Over the weekend, U.S. Treasury Secretary Henry Paulson introduced the Bush Administration's $700 billion plan to stabilize Wall Street and rescue some of the country's largest financial institutions, and Democrats and Republicans in Congress are debating how best to move the proposal forward.
The "bailout" legislation proposed by the administration would allow the U.S. Treasury Department "to buy suspect U.S. mortgage loans from U.S. and foreign-owned banks, at a possible cost of as much a $700 billion," according to the Washington Post. Some members of Congress have proposed modifications to the plan -- including the possible inclusion of relief for homeowners, and limitations on compensation for company executives. In a statement delivered Monday to encourage Congress's swift action on the bailout legislation, President Bush declared that "the whole world is watching to see if we can act quickly to shore up our markets and prevent damage to our capital markets, businesses, our housing sector, and retirement accounts."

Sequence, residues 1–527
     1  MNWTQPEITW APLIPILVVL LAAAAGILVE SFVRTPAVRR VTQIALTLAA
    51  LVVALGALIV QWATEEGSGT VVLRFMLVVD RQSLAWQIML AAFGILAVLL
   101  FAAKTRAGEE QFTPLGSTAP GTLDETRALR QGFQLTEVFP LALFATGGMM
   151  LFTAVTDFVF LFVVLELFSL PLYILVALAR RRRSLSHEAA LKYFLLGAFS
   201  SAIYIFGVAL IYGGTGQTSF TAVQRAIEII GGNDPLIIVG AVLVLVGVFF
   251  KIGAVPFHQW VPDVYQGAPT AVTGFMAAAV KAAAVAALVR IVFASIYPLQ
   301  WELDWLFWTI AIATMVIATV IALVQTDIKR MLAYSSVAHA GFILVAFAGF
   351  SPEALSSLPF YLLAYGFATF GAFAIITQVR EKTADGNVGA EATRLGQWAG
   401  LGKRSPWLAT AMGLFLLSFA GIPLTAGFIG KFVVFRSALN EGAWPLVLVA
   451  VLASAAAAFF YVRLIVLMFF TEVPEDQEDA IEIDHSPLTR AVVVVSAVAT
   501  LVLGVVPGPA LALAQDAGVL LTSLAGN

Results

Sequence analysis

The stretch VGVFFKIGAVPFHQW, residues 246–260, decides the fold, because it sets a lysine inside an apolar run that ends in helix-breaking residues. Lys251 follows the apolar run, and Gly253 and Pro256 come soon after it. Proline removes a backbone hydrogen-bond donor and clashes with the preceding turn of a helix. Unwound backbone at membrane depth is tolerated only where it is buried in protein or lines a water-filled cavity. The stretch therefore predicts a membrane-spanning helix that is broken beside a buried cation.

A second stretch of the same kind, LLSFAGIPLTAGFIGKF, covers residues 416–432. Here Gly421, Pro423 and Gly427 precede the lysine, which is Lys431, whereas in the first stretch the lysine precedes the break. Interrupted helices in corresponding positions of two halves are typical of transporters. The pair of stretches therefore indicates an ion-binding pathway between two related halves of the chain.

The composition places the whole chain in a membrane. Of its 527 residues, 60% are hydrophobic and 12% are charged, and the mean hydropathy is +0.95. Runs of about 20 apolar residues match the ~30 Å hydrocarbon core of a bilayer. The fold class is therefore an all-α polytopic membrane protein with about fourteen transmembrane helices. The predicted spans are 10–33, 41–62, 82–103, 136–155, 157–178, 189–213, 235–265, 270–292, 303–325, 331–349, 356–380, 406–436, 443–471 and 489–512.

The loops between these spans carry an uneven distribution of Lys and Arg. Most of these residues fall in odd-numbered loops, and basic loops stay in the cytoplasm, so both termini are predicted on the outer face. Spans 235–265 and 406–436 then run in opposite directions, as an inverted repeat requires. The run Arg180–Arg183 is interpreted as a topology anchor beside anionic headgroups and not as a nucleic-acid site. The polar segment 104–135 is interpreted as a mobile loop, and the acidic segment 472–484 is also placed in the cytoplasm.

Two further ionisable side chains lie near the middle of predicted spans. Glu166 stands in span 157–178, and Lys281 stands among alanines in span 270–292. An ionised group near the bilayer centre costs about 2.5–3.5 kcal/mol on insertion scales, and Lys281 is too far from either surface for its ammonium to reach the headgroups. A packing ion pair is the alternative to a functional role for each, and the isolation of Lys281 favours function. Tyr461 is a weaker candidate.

Also on Monday, Reuters reports that the Federal Reserve agreed to convert "once high-flying" Goldman Sachs and Morgan Stanley from investment banks "into more conventional depositary institutions," as part of Washington's plan to stabilize the financial market.